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The North Carolina Center for South Asia Studies (NCCSAS) is a consortium made up of Duke, North Carolina State University, and the University of North Carolina at Chapel Hill. The consortium promotes education and research across the disciplines, drawing on faculty who have a focus on South Asia in fields as diverse as anthropology, religious studies, and history, to business, global health, and policy studies. We work to raise awareness of the region across the consortium campuses and in the community at large.
This website has been launched by the governments of Oman and Singapore to cover the construction and voyage of a 9th-century Arab sailing ship.
A team of experts has built the Jewel of Muscat in a specially constructed shipyard on the beach in Qantab in Oman. They are using a range of historical sources, including archaeological findings from the ‘Belitung Wreck’, including the Tang Treasure, which was discovered in 1998 in Indonesia waters.
The ship has been constructed with the methods available to 9th-century Arab craftsmen. The planks have been sewn together using coconut fibre, and the square sails will be made of plaited palm leaves.
Once constructed, the ship set sail on an historic journey from Oman to Singapore.
Grade: 7th – 10th Grade
Brief Description: Migration is a recurring theme in world history. Students will recognize the complex interactions between groups of people who come in contact with one another, using the Aryan migration into India and the current conflict in Darfur. They should be able to explain that conflicts in these areas have many causes including the relationship between agrarians and pastoralists.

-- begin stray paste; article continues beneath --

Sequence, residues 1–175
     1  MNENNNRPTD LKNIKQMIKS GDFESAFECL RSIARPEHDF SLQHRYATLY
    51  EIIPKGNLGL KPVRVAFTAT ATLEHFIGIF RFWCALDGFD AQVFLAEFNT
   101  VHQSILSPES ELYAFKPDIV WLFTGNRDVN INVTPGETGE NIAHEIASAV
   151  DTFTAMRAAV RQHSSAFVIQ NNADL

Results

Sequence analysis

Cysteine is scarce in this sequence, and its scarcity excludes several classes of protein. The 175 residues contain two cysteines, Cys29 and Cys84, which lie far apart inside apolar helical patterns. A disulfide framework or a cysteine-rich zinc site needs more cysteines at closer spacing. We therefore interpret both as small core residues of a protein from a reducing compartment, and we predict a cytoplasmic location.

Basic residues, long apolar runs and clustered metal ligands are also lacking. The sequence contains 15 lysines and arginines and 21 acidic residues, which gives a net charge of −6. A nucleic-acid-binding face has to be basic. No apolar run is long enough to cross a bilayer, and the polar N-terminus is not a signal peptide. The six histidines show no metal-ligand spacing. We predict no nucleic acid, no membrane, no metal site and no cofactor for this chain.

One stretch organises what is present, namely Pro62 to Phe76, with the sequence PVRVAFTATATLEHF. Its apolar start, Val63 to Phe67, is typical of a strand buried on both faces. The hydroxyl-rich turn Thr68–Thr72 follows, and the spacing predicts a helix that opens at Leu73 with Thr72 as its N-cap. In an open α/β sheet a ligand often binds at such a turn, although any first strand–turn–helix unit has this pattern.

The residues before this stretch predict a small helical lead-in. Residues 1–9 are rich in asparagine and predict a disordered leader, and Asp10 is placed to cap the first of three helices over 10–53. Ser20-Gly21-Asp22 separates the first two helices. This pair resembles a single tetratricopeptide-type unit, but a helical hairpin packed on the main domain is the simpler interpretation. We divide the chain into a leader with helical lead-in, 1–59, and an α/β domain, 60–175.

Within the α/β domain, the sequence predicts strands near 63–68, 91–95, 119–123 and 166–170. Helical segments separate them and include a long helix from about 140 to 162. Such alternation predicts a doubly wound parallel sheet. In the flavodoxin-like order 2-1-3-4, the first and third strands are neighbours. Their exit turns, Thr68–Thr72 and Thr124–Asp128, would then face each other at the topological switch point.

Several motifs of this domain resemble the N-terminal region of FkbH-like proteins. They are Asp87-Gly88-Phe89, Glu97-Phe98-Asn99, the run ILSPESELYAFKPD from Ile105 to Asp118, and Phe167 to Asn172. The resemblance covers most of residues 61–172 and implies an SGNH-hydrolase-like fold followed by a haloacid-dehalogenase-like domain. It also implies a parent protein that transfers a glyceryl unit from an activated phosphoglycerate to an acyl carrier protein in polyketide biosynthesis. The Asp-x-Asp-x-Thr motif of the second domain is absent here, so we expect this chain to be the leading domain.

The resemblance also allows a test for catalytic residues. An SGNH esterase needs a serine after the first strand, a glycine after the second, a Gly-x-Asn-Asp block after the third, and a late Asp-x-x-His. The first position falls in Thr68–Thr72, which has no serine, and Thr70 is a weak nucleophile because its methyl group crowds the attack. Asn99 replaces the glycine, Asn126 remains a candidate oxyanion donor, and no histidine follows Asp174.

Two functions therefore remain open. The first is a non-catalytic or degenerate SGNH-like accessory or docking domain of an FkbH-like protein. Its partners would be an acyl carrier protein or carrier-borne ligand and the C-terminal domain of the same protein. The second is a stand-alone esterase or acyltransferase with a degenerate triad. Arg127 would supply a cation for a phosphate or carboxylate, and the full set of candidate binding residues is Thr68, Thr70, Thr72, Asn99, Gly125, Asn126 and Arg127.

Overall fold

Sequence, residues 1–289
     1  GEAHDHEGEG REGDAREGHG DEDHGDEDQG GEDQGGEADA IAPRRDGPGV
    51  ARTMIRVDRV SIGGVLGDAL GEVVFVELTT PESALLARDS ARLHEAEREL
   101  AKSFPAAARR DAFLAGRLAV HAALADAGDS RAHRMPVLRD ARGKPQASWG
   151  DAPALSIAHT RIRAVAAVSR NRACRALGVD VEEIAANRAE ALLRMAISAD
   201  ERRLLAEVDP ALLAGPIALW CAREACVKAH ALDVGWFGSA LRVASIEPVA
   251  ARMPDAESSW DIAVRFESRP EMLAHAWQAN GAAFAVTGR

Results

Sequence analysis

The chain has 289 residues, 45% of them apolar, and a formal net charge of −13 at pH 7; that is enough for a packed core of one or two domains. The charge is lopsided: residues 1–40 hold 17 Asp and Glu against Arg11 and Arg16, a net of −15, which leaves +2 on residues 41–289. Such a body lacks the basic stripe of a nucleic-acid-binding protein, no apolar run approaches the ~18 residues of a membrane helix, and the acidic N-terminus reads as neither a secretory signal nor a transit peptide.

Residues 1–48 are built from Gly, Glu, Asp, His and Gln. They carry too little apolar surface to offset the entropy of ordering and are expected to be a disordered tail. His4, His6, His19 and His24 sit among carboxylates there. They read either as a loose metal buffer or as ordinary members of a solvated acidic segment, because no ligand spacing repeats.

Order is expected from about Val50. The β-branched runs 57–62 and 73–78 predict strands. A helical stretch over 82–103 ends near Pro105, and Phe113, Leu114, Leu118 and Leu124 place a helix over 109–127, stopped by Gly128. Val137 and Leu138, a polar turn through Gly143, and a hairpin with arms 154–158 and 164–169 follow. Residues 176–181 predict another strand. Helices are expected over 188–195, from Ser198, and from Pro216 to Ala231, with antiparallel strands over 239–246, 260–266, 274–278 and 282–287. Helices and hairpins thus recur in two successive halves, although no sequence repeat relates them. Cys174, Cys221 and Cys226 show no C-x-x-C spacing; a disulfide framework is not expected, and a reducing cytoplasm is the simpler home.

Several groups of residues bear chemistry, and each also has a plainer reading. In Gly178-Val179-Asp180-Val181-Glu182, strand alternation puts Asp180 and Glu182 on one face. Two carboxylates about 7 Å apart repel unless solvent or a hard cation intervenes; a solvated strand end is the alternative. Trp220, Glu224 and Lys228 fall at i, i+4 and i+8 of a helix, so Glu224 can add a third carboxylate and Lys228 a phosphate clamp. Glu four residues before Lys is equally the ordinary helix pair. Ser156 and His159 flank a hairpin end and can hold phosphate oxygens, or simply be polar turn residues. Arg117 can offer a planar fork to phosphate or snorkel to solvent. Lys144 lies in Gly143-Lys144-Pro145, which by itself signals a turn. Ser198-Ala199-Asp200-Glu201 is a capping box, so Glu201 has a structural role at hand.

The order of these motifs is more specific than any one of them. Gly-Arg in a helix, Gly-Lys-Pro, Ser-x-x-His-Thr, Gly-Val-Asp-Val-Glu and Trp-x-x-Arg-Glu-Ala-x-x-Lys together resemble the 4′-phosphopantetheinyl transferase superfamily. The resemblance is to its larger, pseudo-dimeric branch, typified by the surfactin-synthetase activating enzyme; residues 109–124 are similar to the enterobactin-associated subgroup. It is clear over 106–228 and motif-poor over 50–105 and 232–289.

1) Students will be able to identify that the effects of migration are evident in both ancient and
2) Students will be able to define “pastoralist” and “agrarian” and explain the relationships between these groups of people.
3) Students should be able to make some connections between the migrations of the Aryans and the settling down of pastoralists in Sudan.
Target Grade Levels:
Students role-play peace talks between India and Pakistan and examine related political, social and economic issues.
In this lesson series, students will become aware of the history of the Middle East, including U.S. policy interests in the region, the history of colonialism and military conflict, and the current issues that impact the political, social, cultural, religious, economic and diplomatic landscapes. Students will be encouraged to discuss their views on these topics, to think outside-of-the-box, and even to formulate their own policy solutions to some of the ongoing conflicts involved.
Particular attention will be paid to:
• Israeli-Palestinian Conflict
• Sunni/Shiite Divide,
• Lebanon, Hezbollah and Israel (including the military conflict in 2006)
• The role of Saudi Arabia in the region
• Other key players – including (but not limited to) Syria, Egypt, the Arab League, and OPEC
Middle East Lesson Plan Middle East Lesson Plan (59K) [download]